EU envoy praises FTA but expresses worries over legal act
However, the envoy called for the proper implementation of the Korea-EU FTA - which provisionally went into effect on June 1, 2011 - specifically in regard to a parliamentary bill that can limit opening Korea’s legal services market to law firms based in the European Union and the United States.
A group of four ambassadors to Korea issued a joint statement to the National Assembly’s judiciary committee on Monday in protest of the Foreign Legal Consultant Act, which was supposed to be put to a vote by lawmakers earlier this month.
The envoys claim the act is in violation of the free trade agreements between those countries and Korea.
“It’s not only a letter, but the spirit of this free trade agreement, because we think the Korean market should not be more closed. In fact, it should be as open as our markets for Korean lawyers who might be in Europe or the United States or Australia,” said Sabathil, who spoke with Korean reporters Tuesday at a luncheon at the Press Center in central Seoul to discuss regional and global issues.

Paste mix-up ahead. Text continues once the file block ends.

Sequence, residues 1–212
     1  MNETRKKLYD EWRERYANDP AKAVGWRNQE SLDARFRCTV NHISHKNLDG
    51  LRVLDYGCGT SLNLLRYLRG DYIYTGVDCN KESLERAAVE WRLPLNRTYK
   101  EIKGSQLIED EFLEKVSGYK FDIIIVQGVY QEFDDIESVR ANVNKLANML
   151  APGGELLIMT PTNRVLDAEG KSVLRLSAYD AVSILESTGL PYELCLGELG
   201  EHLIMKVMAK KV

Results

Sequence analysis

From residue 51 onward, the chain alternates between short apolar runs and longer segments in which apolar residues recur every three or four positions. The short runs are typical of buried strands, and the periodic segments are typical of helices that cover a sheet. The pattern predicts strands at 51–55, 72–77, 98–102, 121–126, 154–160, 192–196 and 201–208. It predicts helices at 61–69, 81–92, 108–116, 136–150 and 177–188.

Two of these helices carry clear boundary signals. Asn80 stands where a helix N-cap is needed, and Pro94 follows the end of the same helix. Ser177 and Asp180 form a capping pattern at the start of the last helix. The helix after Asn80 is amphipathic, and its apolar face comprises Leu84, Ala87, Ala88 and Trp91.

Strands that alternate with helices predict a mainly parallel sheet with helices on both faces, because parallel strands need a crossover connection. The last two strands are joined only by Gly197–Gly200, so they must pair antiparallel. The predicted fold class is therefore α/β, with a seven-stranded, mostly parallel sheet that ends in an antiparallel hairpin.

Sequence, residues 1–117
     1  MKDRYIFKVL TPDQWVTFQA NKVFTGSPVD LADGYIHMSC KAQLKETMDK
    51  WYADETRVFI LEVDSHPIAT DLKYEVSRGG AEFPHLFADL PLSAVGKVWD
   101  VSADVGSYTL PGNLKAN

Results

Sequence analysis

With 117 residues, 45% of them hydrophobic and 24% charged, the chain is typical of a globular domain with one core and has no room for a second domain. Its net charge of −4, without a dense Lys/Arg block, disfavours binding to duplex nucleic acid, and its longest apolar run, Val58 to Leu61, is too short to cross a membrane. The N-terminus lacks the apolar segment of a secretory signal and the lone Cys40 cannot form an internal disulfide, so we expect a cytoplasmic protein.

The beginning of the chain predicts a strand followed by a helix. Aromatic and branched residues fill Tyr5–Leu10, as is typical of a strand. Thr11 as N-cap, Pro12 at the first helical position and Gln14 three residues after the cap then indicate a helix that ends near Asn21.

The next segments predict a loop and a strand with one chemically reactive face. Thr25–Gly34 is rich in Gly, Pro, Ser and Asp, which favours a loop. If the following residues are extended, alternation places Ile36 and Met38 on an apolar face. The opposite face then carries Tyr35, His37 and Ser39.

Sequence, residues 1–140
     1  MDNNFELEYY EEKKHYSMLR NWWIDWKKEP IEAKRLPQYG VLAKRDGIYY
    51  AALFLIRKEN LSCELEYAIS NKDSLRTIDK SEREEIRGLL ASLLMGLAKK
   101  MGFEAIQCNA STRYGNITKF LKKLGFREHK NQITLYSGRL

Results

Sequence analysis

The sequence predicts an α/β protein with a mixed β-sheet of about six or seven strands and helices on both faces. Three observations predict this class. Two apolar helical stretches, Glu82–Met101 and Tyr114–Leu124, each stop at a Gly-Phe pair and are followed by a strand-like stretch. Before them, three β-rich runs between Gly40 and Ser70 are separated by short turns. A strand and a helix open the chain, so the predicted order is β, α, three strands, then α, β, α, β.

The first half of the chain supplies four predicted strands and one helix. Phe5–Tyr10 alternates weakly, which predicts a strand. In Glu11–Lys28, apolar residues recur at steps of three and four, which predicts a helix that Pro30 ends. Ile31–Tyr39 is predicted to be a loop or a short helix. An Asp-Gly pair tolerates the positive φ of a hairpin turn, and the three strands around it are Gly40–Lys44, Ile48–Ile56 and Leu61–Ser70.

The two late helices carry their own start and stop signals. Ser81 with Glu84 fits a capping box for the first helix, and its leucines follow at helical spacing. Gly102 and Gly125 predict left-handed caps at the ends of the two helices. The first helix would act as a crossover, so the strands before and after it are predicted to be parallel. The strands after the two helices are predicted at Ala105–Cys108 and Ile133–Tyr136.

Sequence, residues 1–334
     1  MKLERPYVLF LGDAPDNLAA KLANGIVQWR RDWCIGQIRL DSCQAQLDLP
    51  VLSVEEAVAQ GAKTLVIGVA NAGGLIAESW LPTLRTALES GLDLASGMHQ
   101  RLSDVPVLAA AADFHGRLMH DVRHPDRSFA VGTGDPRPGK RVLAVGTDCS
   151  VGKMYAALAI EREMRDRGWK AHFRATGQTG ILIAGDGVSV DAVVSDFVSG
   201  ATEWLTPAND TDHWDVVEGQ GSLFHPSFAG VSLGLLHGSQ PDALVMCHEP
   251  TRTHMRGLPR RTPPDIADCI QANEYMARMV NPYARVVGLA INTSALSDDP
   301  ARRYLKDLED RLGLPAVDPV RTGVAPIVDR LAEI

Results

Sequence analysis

The top envoys of the European Union, the United States, the United Kingdom and Australia pointed to the unfairness in clauses that block foreign law firms from owning a majority stake in a joint venture and impose strict qualification requirements.
“I saw some criticism that it is intervening in domestic affairs, but we have a free trade agreement and so, of course, we’d like to implement it,” the EU’s top envoy, who was posted in Korea in September, said.
He added it was “very normal diplomatic practice” around the globe for envoys to address a parliamentary chairman on issues of concern for both countries.
There are currently 22 embassies in Seoul that are EU members.
In his previous post, Sabathil served for four years as director for East Asia and the Pacific in the European External Action Service (EEAS), the EU’s diplomatic corps.
Sabathil also emphasized that the European Union, including its diplomats in Pyongyang, condemned North Korea for its fourth nuclear test on Jan. 6.
“I think the key for the survival of this regime in the North is in China,” said Sabathil. “We have asked often for China to step up in a bolder way.”
“We have, of course, actively contributed and collaborated with the UN Security Council and we are a strong part of the resolution which is under development,” he added. “It’s important that China is fully on board with the sanctions we adopt.”
BY SARAH KIM [firstname.lastname@example.org]